Back stage lurks a shadow life of what you see from the audience.The crazy antics you see on stage don’t spring from nowhere. They’re fueled with real life wackiness. Actors are collectively a bundle of nerves, and intestines, which can explode under pressure.
On occasion, I have been strongly advised to light a match after I finished my business in the toilet despite the fact that most theaters are fire traps. Just like nervous sweat smells different than regular sweat, nervous poop has a certain tang to it.
I tend to fart and swear when I get nervous. Because I have grey hair, it is pretty humorous when I say the word M*F*er. After I emerge from the light booth, where I can surreptitiously check out the audience, I might comment, “Ooh, there’s quite a few M*F*er’s out there tonight!” It’s not about you. It’s about me. I want to make the other actors laugh.
It’s fun to make people laugh onstage and a challenge I relish backstage. Actors take themselves very seriously before and during a show.. No one wants to forget their lines or look bad. Messing up lines is expected on my part. I know myself. I’m never going to be perfect. Modeling failure gives other people a chance to shine and to not feel like they’re alone when they blow it. I have seen a great correlation between people who get every word right and a lack of humanity but perhaps that’s just my jealous rage speaking.
At the end of the first act I found myself getting warped and woofing in a quick costume change.Then I realized I could go on stage in disarray and continue to dress while there. By trying to control the outcome backstage I had deprived myself of business onstage. It is never good to be slave to perfection. Theatre is about making clay look like marble, but even realistic marble needs a few cracks.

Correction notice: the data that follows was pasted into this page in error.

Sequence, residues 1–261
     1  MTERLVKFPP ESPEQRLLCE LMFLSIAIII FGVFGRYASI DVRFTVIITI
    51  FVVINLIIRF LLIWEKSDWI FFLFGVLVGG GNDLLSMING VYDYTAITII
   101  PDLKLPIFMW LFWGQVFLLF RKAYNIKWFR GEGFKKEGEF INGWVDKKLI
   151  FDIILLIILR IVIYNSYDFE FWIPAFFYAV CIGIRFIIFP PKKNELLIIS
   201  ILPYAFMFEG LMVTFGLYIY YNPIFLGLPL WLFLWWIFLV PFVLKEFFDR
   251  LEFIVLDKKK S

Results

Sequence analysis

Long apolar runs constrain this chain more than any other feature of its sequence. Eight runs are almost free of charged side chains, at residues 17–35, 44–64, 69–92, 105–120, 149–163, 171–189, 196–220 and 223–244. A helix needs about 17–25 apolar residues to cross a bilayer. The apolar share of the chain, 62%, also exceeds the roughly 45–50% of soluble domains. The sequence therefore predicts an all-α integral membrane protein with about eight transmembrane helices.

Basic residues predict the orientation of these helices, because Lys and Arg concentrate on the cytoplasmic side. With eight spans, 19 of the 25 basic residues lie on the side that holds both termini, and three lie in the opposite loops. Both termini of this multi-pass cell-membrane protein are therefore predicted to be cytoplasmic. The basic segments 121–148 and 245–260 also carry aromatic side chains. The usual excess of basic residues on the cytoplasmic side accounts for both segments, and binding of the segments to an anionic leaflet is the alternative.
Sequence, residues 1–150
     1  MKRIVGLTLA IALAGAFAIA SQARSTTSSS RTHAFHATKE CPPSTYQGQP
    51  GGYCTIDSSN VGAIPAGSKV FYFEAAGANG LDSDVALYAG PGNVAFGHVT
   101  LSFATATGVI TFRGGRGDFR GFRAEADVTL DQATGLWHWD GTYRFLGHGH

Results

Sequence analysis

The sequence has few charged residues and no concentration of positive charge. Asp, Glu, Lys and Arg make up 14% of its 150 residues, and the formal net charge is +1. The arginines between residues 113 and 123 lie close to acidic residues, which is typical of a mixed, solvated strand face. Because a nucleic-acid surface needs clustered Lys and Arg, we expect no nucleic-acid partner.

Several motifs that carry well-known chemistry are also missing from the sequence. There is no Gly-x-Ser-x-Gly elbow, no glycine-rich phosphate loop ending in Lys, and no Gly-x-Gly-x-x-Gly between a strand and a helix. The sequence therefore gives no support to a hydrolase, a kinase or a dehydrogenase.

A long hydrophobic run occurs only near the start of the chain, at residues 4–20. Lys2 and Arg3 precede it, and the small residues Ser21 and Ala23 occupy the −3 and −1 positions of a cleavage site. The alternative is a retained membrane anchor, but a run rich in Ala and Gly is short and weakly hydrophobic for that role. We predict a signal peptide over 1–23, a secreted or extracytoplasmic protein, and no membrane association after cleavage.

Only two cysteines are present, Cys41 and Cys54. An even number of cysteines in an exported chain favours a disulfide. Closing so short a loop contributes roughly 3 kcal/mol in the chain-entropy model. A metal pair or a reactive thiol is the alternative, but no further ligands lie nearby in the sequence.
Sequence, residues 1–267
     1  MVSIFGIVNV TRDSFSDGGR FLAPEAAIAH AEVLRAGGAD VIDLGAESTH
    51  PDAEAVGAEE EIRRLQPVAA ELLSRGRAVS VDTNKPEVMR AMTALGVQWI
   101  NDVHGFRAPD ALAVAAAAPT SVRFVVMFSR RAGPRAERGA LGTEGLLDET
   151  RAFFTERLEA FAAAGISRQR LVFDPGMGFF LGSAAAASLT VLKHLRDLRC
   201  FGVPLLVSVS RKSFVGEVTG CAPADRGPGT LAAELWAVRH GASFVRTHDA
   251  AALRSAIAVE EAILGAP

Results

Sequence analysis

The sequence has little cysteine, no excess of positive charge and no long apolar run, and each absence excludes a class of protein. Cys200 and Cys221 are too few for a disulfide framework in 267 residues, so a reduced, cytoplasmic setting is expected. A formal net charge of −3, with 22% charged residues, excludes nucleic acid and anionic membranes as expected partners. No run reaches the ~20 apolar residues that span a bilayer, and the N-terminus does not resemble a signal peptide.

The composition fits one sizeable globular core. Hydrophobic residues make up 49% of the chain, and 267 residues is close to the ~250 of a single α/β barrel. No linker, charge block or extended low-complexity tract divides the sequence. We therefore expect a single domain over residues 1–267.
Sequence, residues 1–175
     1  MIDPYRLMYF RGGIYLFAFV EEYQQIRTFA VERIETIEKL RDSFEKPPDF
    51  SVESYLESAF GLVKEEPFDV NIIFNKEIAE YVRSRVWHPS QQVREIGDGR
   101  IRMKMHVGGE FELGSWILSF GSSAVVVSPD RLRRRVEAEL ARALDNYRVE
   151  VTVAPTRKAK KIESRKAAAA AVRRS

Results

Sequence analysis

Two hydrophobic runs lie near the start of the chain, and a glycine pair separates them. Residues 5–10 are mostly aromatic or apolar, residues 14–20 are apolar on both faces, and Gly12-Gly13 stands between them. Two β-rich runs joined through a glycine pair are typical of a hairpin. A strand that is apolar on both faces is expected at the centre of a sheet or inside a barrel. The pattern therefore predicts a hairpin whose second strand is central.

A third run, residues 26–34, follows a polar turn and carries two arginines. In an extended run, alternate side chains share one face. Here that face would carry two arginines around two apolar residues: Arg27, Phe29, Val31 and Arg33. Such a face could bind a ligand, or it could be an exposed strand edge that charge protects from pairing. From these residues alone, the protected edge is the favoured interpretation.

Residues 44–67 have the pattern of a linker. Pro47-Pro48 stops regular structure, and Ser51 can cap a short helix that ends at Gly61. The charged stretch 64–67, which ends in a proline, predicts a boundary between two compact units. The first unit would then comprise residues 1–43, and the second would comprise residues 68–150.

One of the ways we obsessively control our nerves backstage is through food.
I got into my character, (the crazy mom), by making the food for the dinner in the first scene. It was always pasta but i changed it up each night with the sauces and spices. One night about two tablespoons of garlic powder fell into the pasta. It was too late to make more so I scraped off what I could and hoofed it down to the show. My odoriferous entrance was noted and concerns were voiced about the effects on at least one of the kisses in the second act. I countered with the overwhelming benefit of smell-o-rama making our dinner scene all the more believable. It certainly cleared out the sinuses. There was none left over at the end of the show.
My biggest success was with cleaning up backstage before our last show. I was picking up empty water bottles, peppered figs and other assorted and sordid trash from the floor when I spied a plastic grocery bag under the couch. In it was a box of unopened “Gourmet chocolates from Canada” with a thank you note. Since none of our actors or crew was named “Rachel” we opened up the note to find out that Rachel had done a fine job supporting the children in some long ended production for which Henry’s parents wanted to thank her with this gift. So thank you Henry’s parents for the nice gift. I’m sure Rachel did not forget these delicious chocolates. She was probably just allergic to them. For about a hundred and ten seconds, people acted like the chocolate was too old to eat and that it would be tacky to devour it, until they did. It was gone by intermission.
So besides being a 55 year old woman with cellulite having to take off her pants and shirt in front of a bunch of twenty somethings in the blue light of pretty tight quarters, life was not that bad backstage. When I feel my real life is sad and useless I think of how badly I had to go to the bathroom each night right when we were supposed to start and how I would forget about it while I was onstage trying to look relaxed and get the words out of my mouth. The mind and the body can be fools and they can fool others. It’s called acting.